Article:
NCLB: Title II Part A Programs • Districts must ensure the “equitable participation” of private schools in all Title II programs. • Funds can continue to be used to pay salaries of CSR teachers, no longer just at K-3 level. • Carry over funds from Class Size Reduction and Ike must be used in accordance with the new law.
NCLB: Flexibility at the District • Your district can opt to move 50 percent of its funds from one or all of four major federal programs: Teacher Quality (Title II), Education Technology (Title II Part D), Safe and Drug Free Schools (Title IV) and Innovative Education Programs (Title V) into Title I programs or any one of these programs.
NCLB: Flexibility • SO . . . 50 percent of Teacher Quality Title II funds can be moved to fund education technology programs or go to Title I programs. • BUT . . . 50 percent of Ed Tech funds, or Safe and Drug Free Schools, or Innovative Education Programs can be used for Title II Professional development including SCIENCE TEACHER TRAINING
NCLB and Professional Development States and districts must ensure that ALL core subject teachers, including science teachers, MUST be highly qualified by 2005-06. They must have a plan on how they will increase the # of highly qualified teachers, and increase the amount of professional development provided to teachers, including science teachers.
NCLB and Professional Development • Although the Eisenhower program is gone, Congress intends for districts to use Title II funds for science professional development. 50 % of funds from other federal programs can be used for Title II, science professional development. • States must begin testing students in science in 2007. Science teachers need continued professional development to help all students achieve in science.
NCLB and Professional Development • NSTA conventions and state conferences should be part of a science teacher’s individual professional development plan based on the school’s needs assessment. This individual professional development plan should be included in the district’s Local Improvement Plan. Teachers must be involved in developing the needs assessment and the Local Improvement Plan.
7 Quick Facts: NCLB • The law requires states to develop plans with annual measurable objectives that will ensure that all math and science teachers are “highly qualified” by the end of the 2005-2006 school year. (Highly qualified means all teachers must be certified or licensed, hold a bachelor’s degree, and have demonstrated competencies in his or her teaching area, as determined by the state.)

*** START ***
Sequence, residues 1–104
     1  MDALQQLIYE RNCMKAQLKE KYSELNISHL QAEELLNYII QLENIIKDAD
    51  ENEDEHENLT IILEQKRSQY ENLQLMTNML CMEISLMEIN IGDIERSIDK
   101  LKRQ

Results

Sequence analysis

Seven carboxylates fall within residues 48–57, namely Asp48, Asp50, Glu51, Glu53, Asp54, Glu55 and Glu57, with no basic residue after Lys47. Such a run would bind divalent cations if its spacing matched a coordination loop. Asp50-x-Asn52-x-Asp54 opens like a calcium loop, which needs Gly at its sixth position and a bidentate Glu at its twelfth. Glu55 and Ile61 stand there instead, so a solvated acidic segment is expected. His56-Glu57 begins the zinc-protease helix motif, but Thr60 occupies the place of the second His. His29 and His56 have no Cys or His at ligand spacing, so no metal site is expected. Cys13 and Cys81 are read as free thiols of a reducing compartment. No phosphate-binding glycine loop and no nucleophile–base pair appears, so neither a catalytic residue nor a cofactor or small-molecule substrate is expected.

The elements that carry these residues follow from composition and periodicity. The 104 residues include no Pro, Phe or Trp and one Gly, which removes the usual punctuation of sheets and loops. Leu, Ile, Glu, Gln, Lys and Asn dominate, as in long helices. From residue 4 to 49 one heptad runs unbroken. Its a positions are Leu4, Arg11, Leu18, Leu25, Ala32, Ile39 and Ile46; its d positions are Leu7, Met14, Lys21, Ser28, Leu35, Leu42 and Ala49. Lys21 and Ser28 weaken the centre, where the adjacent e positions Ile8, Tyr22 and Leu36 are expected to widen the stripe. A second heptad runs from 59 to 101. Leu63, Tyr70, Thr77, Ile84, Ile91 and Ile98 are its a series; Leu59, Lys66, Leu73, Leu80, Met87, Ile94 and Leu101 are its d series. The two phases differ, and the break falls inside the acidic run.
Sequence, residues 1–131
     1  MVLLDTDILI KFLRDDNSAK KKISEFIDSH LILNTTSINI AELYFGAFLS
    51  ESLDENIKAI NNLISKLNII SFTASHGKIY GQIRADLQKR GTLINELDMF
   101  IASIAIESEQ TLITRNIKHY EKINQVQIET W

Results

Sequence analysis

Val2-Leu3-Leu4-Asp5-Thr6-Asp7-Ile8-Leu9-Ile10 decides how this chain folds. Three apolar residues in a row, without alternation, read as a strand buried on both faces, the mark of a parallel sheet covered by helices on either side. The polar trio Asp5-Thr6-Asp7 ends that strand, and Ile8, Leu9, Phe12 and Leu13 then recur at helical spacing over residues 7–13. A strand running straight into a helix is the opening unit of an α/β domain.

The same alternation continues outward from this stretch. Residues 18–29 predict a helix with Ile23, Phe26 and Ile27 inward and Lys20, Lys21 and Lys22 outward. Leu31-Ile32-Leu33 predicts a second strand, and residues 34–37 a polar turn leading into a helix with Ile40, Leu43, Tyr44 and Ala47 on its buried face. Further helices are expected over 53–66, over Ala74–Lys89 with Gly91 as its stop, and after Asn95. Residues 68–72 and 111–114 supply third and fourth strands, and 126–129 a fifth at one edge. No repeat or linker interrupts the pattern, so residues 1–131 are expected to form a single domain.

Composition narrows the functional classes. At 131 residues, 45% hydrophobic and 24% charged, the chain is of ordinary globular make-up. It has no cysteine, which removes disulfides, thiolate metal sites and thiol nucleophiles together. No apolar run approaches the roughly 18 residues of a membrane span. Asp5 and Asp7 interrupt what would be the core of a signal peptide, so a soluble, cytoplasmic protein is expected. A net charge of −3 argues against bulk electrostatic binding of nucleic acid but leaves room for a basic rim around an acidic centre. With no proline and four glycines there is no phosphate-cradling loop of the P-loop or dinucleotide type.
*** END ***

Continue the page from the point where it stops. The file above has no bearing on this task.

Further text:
Quick Facts: NCLB 2. Over $2.8 billion will be made available to school districts nationwide under Title II Part A, Improving Teaching Quality State Grants, during the 2002-2003 school year. 3. While there is no set-aside for math and science in Title II, all of the funding that a district receives for Title II can be used for professional development, including math and science professional development if a district so chooses.
Quick Fact: NCLB 4. In order for a district to continue to receive Title II funding after the 2002-03 school year, it must conduct a assessment of its professional development and hiring needs. This needs assessment must be carried out with the involvement of teachers.
Quick Facts: NCLB 5. In order for a district to receive Title II funding, it must submit to the state an application which includes a plan to improve teacher quality, based on the results of the needs assessment. Teachers must be involved in the preparation of this plan.
Quick Facts: NCLB 6. States will be required to test students in math and reading every year in grades 3 through 8. States must set—then meet—rigorous annual yearly progress marks toward having all students proficient in these areas by the end of the 2013-14 school year. States must administer an annual assessment of student achievement in science at least once in grades 3-5, 6-9, and 10-12, beginning in 2007.
Quick Facts: NCLB 7. Districts have flexible use of Title II funds. They can opt to move 50 percent of funds from one or all of four major federal programs (Teacher Quality State Grants, Education Technology, Safe and Drug Free Schools and Innovative Education Programs) into Title I programs, or into any one of these programs.
Title II, Part B: Math and Science Partnerships • M/S Partnerships will receive $12.5 million in FY 2002. Congressional authorizers had requested $450 mil for this program. • If yearly appropriations are above $100 million, $$ goes to the states. Partnerships apply to the State Education Agency for the competitive grants.
NCLB: For More Information • NSTA Website: www.nsta.org • Title II guidance: www.ed.gov/offices/OESE/SIP/TitleIIguidance2002.doc • EMAIL YOUR QUESTIONS TO: TitleIIA@ed.gov --or– NCLB@nsta.org